Perfumers not cited.
In 1973, Revlon dove headlong into the into the marketing of feminism. Both Charlie and Ciara targeted the infamous Liberated Woman but each went about it differently.
Ciara (*) was designed to cover a lot of bases. As a balsamic floriental it was intended to appeal to an older, more conservative woman who might be familiar with Youth Dew or Bal à Versailles. It was spicy rather than animalic, a style that Cinnabar, Opium and others would take to extremes later in the decade. Ciara’s patchouli undercurrent created a head shop vibe that played to younger women via a hippie sensibility. The face of the perfume was Lauren Hutton, whom Americans had seen transition from a stiff mid-1960s style to the groovy 1970s. Various ads for Revlon showed her in conservative equestrian attire, evening attire and topless. With Ciara the modern woman could have it all. Or at least Hutton could.
Ciara is a whole lot of perfume shoehorned into one bottle. It’s the sort of perfume that casts a wide net in hopes of capturing a portion of a number of target markets.
Charlie was another bird entirely. It went after one market: the modern, ‘liberated’ working woman. Picture Mary Richards of the Mary Tyler Moore show. Or better, picture Shelly Hack, later of Charlie’s Angels fame, who was the face of Charlie from the ‘70s into the ‘80s.
The print and television marketing campaign for Charlie was enormous. For those of us who grew up in the American 1970s, the Charlie jingle/earworm (“Kind of young, kind of now, Charlie. Kind of free, kinda wow! Charlie!”) is a part of the soundtrack of our lives. The perfume was advertised in new ‘lifestyle’ publications that targeted aspiring young women. Where many perfume ads of the time still relied on gauzy, romantic images of women being wooed by men, Charlie created the image of a happy modern urban women in flared trousers striding confidently past men. She was a little flirty but she was first foremost self possessed. She represented mainstream feminism without ever using the divisive word.
Both perfumes seem studiously engineered to meet their goals. In trying to appeal to a broad range of women Ciara was a kitchen sink of a perfume but it was also elaborate and lavish. It came in three concentrations, the least of which was still potent and long lasting with great sillage. It took a side door approach to feminism, suggesting an extroverted woman who appreciated sensual pleasure. Ciara’s marketing tag was, “The thoroughly female fragrance by Charles Revson.” Not feminine, female.
Charlie came in only one concentration as if to connote the equality behind women’s liberation. The light cologne concentration also promoted liberal dosing and repeated purchases. The image of the ‘new woman’ charging into the future was somewhat at odds with the perfume, though. The aldehydes and chalky galbanum followed the trend, and perhaps even formula, of the aloof green perfumes of the late 60s and early 70s. Charles Revson should have cut Estée Lauder in on the profits of Charlie. It is essentially a dilute Aliage.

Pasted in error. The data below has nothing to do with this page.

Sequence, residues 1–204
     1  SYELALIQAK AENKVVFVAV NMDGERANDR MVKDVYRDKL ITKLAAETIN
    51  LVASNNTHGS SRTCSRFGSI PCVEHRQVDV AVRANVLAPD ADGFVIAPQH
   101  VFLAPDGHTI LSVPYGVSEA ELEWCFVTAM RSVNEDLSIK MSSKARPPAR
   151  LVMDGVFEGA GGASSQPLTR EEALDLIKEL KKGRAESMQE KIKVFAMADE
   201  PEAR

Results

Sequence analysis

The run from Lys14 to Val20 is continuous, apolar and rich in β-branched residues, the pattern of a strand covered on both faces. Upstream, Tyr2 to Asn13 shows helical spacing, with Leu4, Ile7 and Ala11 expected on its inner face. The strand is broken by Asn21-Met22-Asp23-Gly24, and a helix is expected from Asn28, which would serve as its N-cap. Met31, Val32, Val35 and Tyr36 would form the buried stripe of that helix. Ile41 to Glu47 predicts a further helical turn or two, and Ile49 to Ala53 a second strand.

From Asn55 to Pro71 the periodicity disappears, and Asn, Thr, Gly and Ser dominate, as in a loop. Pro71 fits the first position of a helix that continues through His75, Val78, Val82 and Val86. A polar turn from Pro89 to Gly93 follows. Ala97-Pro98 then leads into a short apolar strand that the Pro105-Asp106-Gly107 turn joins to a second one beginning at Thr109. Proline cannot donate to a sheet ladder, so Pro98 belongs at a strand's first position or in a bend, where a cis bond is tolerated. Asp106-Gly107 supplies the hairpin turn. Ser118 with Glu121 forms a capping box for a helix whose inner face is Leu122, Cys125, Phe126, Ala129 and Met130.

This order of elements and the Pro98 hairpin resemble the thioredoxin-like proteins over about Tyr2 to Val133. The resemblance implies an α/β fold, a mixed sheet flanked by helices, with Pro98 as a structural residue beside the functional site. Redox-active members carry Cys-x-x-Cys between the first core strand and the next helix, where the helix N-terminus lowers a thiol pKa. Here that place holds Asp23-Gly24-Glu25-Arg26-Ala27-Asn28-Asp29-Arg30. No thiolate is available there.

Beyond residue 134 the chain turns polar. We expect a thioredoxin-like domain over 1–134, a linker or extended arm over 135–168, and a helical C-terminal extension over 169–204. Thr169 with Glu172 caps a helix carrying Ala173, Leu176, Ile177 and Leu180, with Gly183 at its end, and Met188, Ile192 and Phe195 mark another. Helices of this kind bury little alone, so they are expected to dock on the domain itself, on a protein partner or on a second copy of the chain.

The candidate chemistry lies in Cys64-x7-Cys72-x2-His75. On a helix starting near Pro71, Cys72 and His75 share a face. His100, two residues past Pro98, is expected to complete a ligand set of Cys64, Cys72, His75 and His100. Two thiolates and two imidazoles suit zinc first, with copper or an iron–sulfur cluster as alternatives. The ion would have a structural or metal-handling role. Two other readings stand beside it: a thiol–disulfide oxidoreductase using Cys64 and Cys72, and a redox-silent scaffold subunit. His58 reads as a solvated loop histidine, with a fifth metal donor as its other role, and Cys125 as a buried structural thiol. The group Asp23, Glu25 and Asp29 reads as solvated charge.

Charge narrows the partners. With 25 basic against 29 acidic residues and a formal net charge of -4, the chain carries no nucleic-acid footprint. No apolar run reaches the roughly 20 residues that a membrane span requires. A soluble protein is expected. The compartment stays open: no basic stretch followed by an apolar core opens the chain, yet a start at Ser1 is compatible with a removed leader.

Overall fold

Ciara’s expansive bouquet of floral notes is held in check by a prickly fruitiness that gives Ciara a starchy, formal feel. It stakes out a middle ground between berries and bitter leaves. Though categorically a fruity floral, Ciara has little resemblance to the contemporary fruit slushie. The lip-smacking fruit brings out the dry, papery side of the bouquet. The lushness of the resinous base counterbalances the freeze-dried effect and gives the perfume a push-pull dynamic that keeps it from falling in to the sweet vanillic basenotes of the classic Oriental.
As it settles into drydown Ciara takes on the sawdust scent of an herb shop. The berry note lasts well into the perfume’s final stages and gives the drydown an unexpected pink tinge. In Ciara’s favor, it is a hybrid of a number of appealing genres. Against it, it feels like wearing plaid, polkadots and stripes together.
Charlie was far more to the point that Ciara. It conveyed one olfactory idea from start to finish: green, cool, crisp. Like most green perfumes it was poised and stylish but it also had a smile and a wink that kept it from falling into the standoffishness that many of the green florals of the time had.
Charlie and Ciara were definitively mainstream perfumes. Ciara could be found at department stores and some drugstores. Charlie was available everywhere. Charlie’s goal was fame through ubiquity and it beat all expectations of success. Though it was modeled on more soigné green perfumes like Weil de Weil, Chanel 19 and Guerlain Chamade, it was easily the most popular green perfume of its era. Charles Revson seems to have studied the Guerlain method: don’t be the innovator, be the winner.
* Ciara was originally marketed under Revlon’s sub-brand Charles Revson and may be a revision of Revson Ultima or Ultima II from 1961 and 1967.